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Patient and clinician opinions of patient reported outcome measures (PROMs) in the management of patients with rare diseases: a qualitative study

Abstract

Background

Rare diseases may be life-threatening or chronically debilitating conditions. Patient care needs are often complex and challenging to coordinate and deliver effectively. Rare diseases and their clinical management may therefore substantially impact on patients’ health-related quality of life (HRQOL). The use of patient-reported outcome measures (PROMs) may complement clinical assessments by elucidating patients’ perspectives on their health status and care priorities. This study explored the opinions of patients and clinicians on the use of PROMs in the management of patients with rare diseases in routine clinical practice.

Methods

A total of 15 semi-structured one-to-one interviews were conducted with four patients with primary sclerosing cholangitis (PSC); five renal transplant recipients; and six PSC doctors from University Hospitals Birmingham (UHB) NHS Foundation Trust. A focus group session was also conducted with 10 clinical staff members (doctors, nurses and other allied health professionals from UHB). The suitability and acceptability of the Chronic Liver Disease Questionnaire (CLDQ) and the Short Form 12 (SF12) were assessed by patients with PSC and their doctors while the Paediatric quality of life inventory Transplant Module (PedsQL-TM) and the EuroQoL-5 dimensions (EQ. 5D) were evaluated by the renal transplant recipients and their doctors. The discussions were audio recorded and transcribed verbatim. Coding of the transcripts was done using the Nvivo 11 Plus software. Thematic analysis was conducted to identify the main themes and subthemes.

Results

Four themes were identified, namely: (i) potential benefits of PROMs in the management of rare diseases; (ii) views on selected questionnaires; (iii) practical considerations for implementation; and (iv) potential facilitators and barriers of implementation. Patients and clinicians suggested that the use of ePROMs may facilitate patient-centred care by promoting patient-clinician communication, highlighting aspects of HRQOL that are important to patients and encouraging patient involvement in their care. They also felt that the disease-specific CLDQ and PedsQL-TM were more relevant than the generic SF12 and EQ-5D.

Conclusions

Patients with rare diseases often experience impaired HRQOL. The use of an ePROM system may enhance the routine management of patients with rare diseases.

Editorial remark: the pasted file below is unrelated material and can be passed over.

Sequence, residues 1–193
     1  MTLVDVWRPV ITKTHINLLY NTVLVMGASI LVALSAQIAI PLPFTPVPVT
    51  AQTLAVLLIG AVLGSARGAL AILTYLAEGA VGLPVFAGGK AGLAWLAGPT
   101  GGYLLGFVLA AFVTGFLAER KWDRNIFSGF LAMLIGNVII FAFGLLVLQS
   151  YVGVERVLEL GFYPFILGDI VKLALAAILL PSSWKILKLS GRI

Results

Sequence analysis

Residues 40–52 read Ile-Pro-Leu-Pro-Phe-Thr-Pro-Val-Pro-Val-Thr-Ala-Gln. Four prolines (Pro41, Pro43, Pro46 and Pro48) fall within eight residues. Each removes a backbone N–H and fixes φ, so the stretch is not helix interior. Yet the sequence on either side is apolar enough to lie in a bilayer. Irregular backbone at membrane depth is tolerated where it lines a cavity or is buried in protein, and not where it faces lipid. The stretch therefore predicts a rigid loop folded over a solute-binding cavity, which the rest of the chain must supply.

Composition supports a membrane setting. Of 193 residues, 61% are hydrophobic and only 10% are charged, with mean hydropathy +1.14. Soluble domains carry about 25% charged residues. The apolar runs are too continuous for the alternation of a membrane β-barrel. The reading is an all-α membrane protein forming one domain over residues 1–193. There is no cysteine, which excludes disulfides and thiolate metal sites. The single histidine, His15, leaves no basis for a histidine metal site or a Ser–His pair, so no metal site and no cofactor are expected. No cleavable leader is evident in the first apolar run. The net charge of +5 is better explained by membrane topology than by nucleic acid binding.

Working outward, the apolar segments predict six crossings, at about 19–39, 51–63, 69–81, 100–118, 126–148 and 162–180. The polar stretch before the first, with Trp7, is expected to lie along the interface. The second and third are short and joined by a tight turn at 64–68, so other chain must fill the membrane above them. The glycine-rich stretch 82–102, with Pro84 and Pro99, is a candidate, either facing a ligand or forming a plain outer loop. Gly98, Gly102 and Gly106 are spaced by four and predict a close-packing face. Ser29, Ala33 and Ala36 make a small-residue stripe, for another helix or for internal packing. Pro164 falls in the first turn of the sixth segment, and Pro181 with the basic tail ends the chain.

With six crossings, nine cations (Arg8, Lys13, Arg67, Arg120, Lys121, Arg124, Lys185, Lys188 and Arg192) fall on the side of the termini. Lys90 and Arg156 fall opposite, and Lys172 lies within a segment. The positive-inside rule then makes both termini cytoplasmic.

Background

According to the European Union criterion, a ‘rare’ disease is one that has a prevalence of 5 or less cases per 10,000 of the general population; while in the United States, a disease is considered ‘rare’ if it affects less than 200,000 people [1, 2]. In the UK, it is estimated that over three million people will be affected by a rare disease at some point in their lives [2]. Due to the small numbers of patients living with each type of rare disease, there is often limited awareness, knowledge and experience of managing those with the condition [2, 3].

Given these challenges, capturing the perspectives of patients with rare diseases is particularly important as it may provide a better picture of patients’ health status and the outcomes of care they value. This information could assist with the prioritization of care outcomes [4]. Patient perspectives may be captured using patient-reported outcomes (PROs): defined as “any report of the status of a patient’s health condition that comes directly from the patient, without interpretation of the patient’s response by a clinician or anyone else.” [5] PRO data is captured using questionnaires known as patient-reported outcome measures (PROMs) [5]. By providing patients’ perspectives of their health status, the use of PROMs may facilitate a better understanding of the physical and psychosocial impact of disease and treatment on patients’ health-related quality of life (HRQOL) and symptoms [4, 6]. Ideally, PROMs should be developed with patients and clinicians using a combination of qualitative and quantitative methods. An initial long form which addresses all relevant domains is usually generated through literature reviews and discussions with the patients and clinicians [7]. This initial version is then revised and validated. During the validation process, poorly performing questions are identified and removed resulting in a shorter and more valid PROM [8].